Don’t Miss Death Valley in Bloom!
Spring in Death Valley is a special phenomenon. Death Valley is a land of extremes.
Many of the flowers found here in Death Valley are what we call belly flowers. These flowers are very tiny, so tiny that the best way to see or photograph them is on your belly! A magnifying glass is a great tool to have with you when you search out these wee beauties.
Being small and low to the ground is allows the flowers to stay out of the wind. You will find plants covered with fine hairs. These hairs cut down on the UV rays and keep the tender plants from being sunburned! Remember, to REALLY see Death Valley’s fabulous wildflowers, it really helps to get out of the car, walk around, and spend some time looking just a bit closer!
Death Valley National Park is known for its spectacular blooms of wildflowers. Peak wildflower blooms occur when rain falls several times during winter
- Death Valley – mid February to mid April
- Panamint Mountains (2,000 to 4,000 ft) – April to May
- Panamint Mountains (above 4,000 ft), late April to early June
- Colors include white, purple, yellow, blue, red and magenta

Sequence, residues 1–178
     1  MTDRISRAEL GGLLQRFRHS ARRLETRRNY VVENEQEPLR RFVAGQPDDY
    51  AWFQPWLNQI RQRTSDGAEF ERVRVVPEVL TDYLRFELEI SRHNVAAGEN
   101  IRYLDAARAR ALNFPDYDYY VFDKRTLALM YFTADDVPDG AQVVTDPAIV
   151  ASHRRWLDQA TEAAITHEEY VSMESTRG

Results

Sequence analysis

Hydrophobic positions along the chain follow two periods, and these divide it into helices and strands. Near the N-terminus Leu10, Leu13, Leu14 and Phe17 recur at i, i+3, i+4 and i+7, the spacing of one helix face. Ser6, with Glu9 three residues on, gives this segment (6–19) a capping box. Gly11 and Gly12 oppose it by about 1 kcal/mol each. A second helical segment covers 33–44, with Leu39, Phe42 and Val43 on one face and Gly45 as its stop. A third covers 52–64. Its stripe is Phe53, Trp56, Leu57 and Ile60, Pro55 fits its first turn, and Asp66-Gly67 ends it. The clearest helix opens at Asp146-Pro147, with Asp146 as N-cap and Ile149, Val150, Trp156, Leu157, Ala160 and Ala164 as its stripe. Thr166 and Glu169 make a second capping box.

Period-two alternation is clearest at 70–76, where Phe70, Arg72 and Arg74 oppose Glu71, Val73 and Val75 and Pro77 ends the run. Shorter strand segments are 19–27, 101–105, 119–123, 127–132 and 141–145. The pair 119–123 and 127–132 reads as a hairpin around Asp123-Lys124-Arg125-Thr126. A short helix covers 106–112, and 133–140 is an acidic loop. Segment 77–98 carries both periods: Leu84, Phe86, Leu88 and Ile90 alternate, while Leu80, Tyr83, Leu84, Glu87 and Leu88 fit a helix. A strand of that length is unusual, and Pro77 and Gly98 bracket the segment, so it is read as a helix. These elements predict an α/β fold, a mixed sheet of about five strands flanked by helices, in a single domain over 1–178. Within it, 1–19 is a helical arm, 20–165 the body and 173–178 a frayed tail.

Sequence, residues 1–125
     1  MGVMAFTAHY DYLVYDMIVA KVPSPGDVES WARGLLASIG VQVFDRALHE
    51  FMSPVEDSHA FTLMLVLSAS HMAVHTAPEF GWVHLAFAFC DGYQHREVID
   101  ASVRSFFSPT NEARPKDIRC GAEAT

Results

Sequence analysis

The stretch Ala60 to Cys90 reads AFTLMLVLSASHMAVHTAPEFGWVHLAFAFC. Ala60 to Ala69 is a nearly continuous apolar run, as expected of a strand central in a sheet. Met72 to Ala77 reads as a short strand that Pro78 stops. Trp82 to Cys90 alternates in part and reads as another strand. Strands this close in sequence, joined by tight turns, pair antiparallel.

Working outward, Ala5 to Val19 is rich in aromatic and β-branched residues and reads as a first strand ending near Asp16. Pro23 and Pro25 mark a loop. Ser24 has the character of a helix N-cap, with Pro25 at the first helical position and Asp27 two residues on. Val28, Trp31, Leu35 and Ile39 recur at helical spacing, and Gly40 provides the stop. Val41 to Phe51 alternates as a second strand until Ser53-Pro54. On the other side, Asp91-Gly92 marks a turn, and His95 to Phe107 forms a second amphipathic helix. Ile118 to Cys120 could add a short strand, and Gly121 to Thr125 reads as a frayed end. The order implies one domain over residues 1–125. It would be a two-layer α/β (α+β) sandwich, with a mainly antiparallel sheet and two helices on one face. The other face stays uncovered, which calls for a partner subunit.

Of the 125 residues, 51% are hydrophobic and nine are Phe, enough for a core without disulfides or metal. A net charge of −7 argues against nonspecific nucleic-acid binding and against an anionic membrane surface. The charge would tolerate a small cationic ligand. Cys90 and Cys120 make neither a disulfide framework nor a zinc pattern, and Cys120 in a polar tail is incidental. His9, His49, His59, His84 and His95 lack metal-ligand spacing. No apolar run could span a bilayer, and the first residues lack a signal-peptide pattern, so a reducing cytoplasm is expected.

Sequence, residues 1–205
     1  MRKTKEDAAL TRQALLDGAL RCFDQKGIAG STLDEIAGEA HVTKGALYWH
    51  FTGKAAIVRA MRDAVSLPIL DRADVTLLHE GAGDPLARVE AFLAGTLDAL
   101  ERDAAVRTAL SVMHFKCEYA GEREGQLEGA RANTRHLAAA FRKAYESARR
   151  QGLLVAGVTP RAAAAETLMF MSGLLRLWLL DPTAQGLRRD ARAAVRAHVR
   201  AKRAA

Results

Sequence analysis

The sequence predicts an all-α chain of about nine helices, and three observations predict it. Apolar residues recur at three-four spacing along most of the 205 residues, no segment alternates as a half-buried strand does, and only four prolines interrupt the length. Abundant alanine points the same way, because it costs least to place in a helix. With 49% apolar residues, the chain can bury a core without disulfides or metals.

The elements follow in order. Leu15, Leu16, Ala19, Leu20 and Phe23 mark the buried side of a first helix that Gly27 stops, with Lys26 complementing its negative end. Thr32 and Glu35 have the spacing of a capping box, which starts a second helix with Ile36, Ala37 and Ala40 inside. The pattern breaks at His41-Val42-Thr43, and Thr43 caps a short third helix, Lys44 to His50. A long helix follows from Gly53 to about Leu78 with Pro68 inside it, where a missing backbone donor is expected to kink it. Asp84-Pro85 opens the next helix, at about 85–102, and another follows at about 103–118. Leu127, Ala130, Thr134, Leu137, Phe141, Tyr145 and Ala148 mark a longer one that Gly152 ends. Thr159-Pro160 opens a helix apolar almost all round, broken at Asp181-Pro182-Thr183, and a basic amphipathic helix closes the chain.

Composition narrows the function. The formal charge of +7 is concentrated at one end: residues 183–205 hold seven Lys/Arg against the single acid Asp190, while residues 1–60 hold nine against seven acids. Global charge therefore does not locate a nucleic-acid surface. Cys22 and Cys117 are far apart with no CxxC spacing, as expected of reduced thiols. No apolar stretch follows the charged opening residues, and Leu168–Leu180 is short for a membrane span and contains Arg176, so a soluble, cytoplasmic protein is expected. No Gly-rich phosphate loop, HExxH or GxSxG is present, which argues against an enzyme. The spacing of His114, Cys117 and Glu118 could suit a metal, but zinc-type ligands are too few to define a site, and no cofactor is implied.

- Species include: desert star, blazing star, desert gold, mimulus, encelia, poppie, evening primrose, phalcelia, several cacti, Mojave desert rue, Joshua tree, bear poppies, Panamint daisies, Mojave wildrose, rabbitbrush, mariposa lilies and lupine.
Owens Valley Wildflower Locations Not to Miss!
- Division Creek, Aberdeen (fields of lupine)
- Bishop, Brockman Lane (fields of irises)
- Owens Gorge Rim (west of Bishop) (desert paintbrush, white layia, evening snow)
The long blooming season that occurs along the 150 miles of the Eastern Sierra wildflower corridor means that the window of opportunity to see some of the amazing flora of this region is over 6 months long.
At the southern end of the Owens Valley, at about 3,300 feet above sea level, large tracts of open land can present carpets of color at the start of the season. In the upper elevations of the Sierra Nevada, with peaks that rise to well over 13,000 feet, the colorful blooms in the canyons and meadows bring the season to a close.
The floral display begins at the lower elevations, beyond the Eastern Sierra in places like Mojave and Death Valley National Park, and then appears on the floor of the Owens Valley some weeks later. Thereafter the bloom grows in the foothills of the adjacent mountains and slowly creeps up the canyons and into the hanging valleys and meadows of the upper regions of these mountains.